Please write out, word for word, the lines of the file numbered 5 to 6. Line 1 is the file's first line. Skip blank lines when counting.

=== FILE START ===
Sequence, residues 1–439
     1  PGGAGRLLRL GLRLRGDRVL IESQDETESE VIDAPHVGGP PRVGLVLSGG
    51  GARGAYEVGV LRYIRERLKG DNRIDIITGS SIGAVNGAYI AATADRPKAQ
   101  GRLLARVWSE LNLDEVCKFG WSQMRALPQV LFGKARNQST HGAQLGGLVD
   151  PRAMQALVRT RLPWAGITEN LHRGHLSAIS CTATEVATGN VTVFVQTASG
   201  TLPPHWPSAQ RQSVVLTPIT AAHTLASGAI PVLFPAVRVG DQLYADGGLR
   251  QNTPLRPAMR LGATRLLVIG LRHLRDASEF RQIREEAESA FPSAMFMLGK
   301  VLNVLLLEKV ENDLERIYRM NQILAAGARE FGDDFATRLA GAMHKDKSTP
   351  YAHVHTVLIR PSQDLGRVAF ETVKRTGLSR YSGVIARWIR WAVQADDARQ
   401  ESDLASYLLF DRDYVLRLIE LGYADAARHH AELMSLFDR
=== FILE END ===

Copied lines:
   151  PRAMQALVRT RLPWAGITEN LHRGHLSAIS CTATEVATGN VTVFVQTASG
   201  TLPPHWPSAQ RQSVVLTPIT AAHTLASGAI PVLFPAVRVG DQLYADGGLR